The Studio Breathes: Pre-production Materials
This document illustrates experiments, developments, and a taste of the intended feel of The Studio Breathes artefact. Scroll your way through, or use the navigation links below.
The Studio Breathes: Concept
There is an opportunity to create a reflective experience while the resident is conscious of their breathing. Prompts on screen during breathing capture could facilitate this, and there could be an opportunity to collect reflective words or phrases from residents to use in the sonification.
Early sketches were made, thinking about how breath might look, without regard to computing approaches.
Many animated sketches were made in 2d in p5.js, using a number of visual techniques, to represent breathing. While some of these are extremely organic and comprise hundreds of separate elements, these are all responding to a single breathing cycle from one individual (simulated by a sine wave).
For the limited screen space and performance limits of a mobile device, those that combine simple geometry with fewer elements are the most satisfying. For a more powerful graphics engine, and a far higher pixel count of a projected or wall mounted screen in the studio, more organic forms, employing many elements, and using noise driven variations are possible. These experiments allowed me to find the range of what is possible, and what is interesting while remaining true to the essence of breathing.
Moving to representations of multiple breathing rhythms, I took some of the previous ideas and used layered arrangements of relatively simple forms, each representing a single breather. I wanted there to be both a sense of the individual rhythms, and the creation of some new entity emerging from the combination of the cycles.
Of these designs, the arrangement of concentric rings and overlaid waves both appealed to me. In the following experiments, I took the first of these and developed a 3D rendering in Processing. The GIF’s show an evolution from points in 3d space, to joined vertices, and finally bezier curves. The heights of vertices represent the instantaneous values for an individual breather, with past values radiating away from the centre. Joining these vertices with curves creates a sense of an emergent organic form, while not losing the contributing breathing rhythms. A further step will be to create polygon meshes from the vertices.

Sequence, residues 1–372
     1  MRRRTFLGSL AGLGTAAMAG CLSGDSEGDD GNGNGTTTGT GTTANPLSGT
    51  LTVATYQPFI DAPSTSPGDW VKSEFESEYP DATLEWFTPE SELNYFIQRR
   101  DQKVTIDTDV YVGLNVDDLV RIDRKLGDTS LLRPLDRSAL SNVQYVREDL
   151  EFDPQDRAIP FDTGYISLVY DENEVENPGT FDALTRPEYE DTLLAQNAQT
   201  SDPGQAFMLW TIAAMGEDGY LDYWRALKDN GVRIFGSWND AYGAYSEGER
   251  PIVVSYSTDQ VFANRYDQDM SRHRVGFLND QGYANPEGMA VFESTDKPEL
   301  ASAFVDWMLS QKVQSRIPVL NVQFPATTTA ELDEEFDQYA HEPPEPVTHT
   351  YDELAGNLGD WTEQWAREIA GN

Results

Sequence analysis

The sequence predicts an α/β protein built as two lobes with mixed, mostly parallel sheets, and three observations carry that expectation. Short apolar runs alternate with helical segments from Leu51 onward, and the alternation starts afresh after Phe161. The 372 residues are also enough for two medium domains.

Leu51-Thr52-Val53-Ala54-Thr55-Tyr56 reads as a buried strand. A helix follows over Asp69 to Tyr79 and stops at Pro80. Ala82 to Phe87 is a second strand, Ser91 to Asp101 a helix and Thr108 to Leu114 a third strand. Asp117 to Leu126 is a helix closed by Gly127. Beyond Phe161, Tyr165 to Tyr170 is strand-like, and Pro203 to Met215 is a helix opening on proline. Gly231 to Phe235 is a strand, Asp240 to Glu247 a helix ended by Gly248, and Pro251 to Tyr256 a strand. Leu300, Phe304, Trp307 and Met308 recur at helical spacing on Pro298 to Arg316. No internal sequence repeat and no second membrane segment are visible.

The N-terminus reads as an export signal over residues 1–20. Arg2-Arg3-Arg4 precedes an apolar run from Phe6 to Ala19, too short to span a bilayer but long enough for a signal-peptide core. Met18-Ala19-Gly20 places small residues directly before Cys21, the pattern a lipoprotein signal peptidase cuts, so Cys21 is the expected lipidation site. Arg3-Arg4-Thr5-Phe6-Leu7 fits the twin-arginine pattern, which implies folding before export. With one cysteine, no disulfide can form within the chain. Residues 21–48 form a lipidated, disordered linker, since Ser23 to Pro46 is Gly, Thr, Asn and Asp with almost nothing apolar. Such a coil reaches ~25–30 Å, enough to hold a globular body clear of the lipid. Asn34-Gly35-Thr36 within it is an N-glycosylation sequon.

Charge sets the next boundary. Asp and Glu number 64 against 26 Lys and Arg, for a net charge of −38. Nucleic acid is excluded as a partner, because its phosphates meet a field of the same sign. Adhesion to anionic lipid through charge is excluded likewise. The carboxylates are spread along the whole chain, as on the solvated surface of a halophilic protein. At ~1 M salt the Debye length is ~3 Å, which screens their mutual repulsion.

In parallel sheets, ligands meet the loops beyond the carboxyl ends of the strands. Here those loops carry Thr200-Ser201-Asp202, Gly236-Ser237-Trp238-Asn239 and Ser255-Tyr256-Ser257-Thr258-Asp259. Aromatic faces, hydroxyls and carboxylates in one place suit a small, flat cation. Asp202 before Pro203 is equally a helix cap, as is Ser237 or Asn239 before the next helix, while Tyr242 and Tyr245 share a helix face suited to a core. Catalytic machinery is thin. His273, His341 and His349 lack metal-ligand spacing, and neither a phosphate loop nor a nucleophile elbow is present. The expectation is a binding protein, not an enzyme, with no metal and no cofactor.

All the animated and visual experiments were in monochrome to allow a focus on form and representation. For colour, I was inspired by the use of flat, neutral backgrounds with bold geometric shapes in mid-saturated colours used in pharmaceutical packaging and other designs in the 1960’s. More recent variations on this have explored colour blending, half tones and more complex, but repeated motifs.
Some of these designs reduce ideas that are inherently complex and use simplified, diagrammatic representations, in a reduced, bold palette, thereby giving clarity. Others use simple geometry in complex arrangements but with use of only a few colours. Hues that are less fully saturated give a calming effect, yet they are bold enough to be pleasing. Many designs have a large proportion of white/neutral space with a very clean typeface. Elements are not competing for attention. They are calm and clear, even though the high contrast attracts interest.
I experimented with using a halftone matrix of two blended mid-saturated hues, masked by organic shapes against neutral backgrounds to see how this approach could fit my animations. I did not find this to be a satisfying look.
Separately I experimented with using simple representations of breathing using these mid saturated colours, playing with colour blend modes as well. I feel this is a stronger approach to applying colour to visualisations.
These last two experiments blend a complex arrangement of simple shapes, and using blended block colours to bring a richness, without losing the identity of individual elements.
The user experience is intended to feel like an act of becoming present, of becoming aware of others and visible to others. While it technically must be transactional, the aim is to make it feel unlike a typical mobile phone app.
The studio view will visualise the individual and collective breathing patterns in a number of ways. Residents attending the studio in person will check in by a similar method, so that both remote and colocated residents can see the presence of others and be present themselves.
Overall User Interface design has not been developed beyond the concept shown, howver experiments with breathing capture using the device have been performed.
Experiments in capturing the breathing cycle
The top left image shows a sketch to capture a breathing rhythm by tracing touch on the device screen. When 5 cycles have been traced, an average cycle automatically carries on. The GIF on the lower left shows a more attractive interface for this trace, with the addition of prompts triggered by position within the cycle.
The GIF on the right shows the result of a number of experiments with accelerometer data responding to motion. The results have been somewhat unreliable in trying the control a smooth motion of the red dot by motion. It would provide an appealing interface to trace breathing through a motion, but more calibration and control is needed before this could be usefully employed.
Technology and Architecture
The project requires different areas of functionality, experienced from different situations and locations, to achieve an overall successful experience. The diagram shows these areas.
These elements are defined and discussed here.
1. Remote Presence Device
A remote participant will need to use a phone or a web browser to participate, and indicate their presence.